Critics’ Picks

Laure Prouvost, This Means, 2019, mixed media, dimensions variable.


Laure Prouvost

Museum van Hedendaagse Kunst Antwerpen (M HKA)
Leuvenstraat 32
February 8–May 19, 2019

In less than a decade, Laure Prouvost has distinguished herself by making witty and seductive works, often presented in the guise of complex and immersive installations that convert exhibition spaces into substructures. This could be seen in “Farfromwords: cars mirrors eat raspberries when swimming through the sun, to swallow sweet smells” (2013) at London’s Whitechapel Gallery, where she built a cylindrical environment paying sumptuous homage to Italian culture, and “GDM—Grand Dad Visitor’s Center” (2016–17) at Milan’s Pirelli HangarBicocca, where she devised a mini-museum dedicated to her grandfather.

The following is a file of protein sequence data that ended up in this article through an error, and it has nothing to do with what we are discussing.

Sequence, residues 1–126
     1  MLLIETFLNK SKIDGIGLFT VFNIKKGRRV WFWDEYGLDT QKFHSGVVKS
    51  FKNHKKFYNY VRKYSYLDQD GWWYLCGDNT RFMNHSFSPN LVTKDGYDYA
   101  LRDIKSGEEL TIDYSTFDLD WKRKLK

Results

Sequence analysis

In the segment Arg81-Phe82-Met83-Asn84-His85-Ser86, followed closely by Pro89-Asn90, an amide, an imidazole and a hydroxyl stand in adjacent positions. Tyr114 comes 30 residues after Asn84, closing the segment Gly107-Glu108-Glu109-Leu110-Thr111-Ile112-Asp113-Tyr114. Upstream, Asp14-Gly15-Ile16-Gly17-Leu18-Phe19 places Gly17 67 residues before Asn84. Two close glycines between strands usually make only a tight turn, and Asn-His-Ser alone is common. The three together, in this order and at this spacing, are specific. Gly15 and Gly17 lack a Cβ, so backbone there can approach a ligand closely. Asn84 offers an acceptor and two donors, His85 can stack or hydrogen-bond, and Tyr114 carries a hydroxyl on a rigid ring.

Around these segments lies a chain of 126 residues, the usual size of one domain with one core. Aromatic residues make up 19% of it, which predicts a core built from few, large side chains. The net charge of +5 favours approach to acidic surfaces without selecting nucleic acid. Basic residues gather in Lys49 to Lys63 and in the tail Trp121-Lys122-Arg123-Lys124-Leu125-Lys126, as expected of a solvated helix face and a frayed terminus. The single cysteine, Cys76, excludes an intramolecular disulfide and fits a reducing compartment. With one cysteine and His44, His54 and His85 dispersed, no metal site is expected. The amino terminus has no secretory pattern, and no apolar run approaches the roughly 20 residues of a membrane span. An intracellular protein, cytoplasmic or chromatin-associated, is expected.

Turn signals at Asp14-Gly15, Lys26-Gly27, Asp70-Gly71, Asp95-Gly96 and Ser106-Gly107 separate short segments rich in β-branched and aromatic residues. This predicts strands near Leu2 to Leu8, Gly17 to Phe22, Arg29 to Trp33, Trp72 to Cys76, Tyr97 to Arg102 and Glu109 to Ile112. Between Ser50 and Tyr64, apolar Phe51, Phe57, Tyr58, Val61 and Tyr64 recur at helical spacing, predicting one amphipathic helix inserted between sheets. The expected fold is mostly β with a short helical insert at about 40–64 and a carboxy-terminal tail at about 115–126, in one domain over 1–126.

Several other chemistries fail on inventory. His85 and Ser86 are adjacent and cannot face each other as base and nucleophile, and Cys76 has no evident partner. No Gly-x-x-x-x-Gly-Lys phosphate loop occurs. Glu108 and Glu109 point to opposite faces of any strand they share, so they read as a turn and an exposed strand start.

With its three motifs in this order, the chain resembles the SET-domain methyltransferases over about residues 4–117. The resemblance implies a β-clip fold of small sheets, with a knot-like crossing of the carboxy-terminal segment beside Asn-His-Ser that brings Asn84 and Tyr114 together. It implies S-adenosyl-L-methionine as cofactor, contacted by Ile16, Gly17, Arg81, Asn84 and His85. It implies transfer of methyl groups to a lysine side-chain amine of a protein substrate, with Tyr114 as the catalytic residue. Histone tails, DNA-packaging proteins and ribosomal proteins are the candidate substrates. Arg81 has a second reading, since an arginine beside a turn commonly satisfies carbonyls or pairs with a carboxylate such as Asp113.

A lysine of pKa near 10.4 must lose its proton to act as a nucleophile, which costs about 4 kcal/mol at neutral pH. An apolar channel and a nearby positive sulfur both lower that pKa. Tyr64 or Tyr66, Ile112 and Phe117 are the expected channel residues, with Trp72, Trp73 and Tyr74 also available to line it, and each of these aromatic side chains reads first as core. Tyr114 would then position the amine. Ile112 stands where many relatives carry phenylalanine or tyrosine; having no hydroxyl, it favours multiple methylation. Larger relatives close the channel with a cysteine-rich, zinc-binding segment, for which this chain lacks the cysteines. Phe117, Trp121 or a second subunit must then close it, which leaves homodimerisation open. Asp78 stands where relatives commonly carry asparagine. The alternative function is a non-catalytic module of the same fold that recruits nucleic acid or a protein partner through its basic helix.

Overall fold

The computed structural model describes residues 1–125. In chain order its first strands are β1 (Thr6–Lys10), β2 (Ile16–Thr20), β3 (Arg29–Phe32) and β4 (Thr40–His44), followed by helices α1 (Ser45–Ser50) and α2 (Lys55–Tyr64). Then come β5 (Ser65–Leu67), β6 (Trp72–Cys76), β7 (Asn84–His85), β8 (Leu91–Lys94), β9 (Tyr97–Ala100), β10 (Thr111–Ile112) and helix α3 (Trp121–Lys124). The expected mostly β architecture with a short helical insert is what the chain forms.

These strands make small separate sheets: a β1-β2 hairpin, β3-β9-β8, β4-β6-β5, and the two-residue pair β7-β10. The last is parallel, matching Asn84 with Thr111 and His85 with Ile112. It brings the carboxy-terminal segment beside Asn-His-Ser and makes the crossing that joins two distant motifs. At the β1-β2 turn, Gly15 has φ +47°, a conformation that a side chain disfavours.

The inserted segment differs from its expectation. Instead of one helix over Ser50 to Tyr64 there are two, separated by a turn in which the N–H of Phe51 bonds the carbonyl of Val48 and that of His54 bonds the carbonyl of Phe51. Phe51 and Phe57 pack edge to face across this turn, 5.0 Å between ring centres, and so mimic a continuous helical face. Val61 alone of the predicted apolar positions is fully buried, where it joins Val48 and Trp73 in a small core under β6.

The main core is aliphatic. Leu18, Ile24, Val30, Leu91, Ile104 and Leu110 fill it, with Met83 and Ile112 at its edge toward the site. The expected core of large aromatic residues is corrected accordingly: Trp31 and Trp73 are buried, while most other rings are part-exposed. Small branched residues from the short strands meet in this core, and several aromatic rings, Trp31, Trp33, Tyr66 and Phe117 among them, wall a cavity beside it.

Such a practice, while not exactly site-specific, evidently responds to the hosting architecture by augmenting it and, in certain cases, confronting it. It was therefore legitimate to wonder how “AM-BIG-YOU-US LEGSICON,” the first museum show to offer a comprehensive overview of Prouvost’s work, would turn out. Surprisingly, the exhibition proves cohesive, with each segment, proposed anew by curator Nav Haq, successfully dialoguing while shrugging off chronological order. Equipped with a map reproducing the artist’s sketch of the building’s floor plan, visitors can roam around her Gesamtkunstwerk and dip into her extraordinarily rich conceptual vocabulary, which includes twentieth-century philosophy, psychoanalysis, deconstructions of language, and imagined and existing personal memories. Emerging from this cacophony is Prouvost’s idiosyncratic sense of humor, most detectable in This Means, 2019, a new work consisting of an octopus-shaped fountain made of Murano glass and various found objects. Impishly and erroneously cited by the artist as having the oldest form of brain known to have existed on the planet and one with practically no memory, Prouvost’s octopus offers a poignant metaphor for the whole exhibition—engaging and dazing—while granting a sneak preview of the artist’s French pavilion at the Venice Biennale, where it has been announced that the mollusk will once again play a starring role.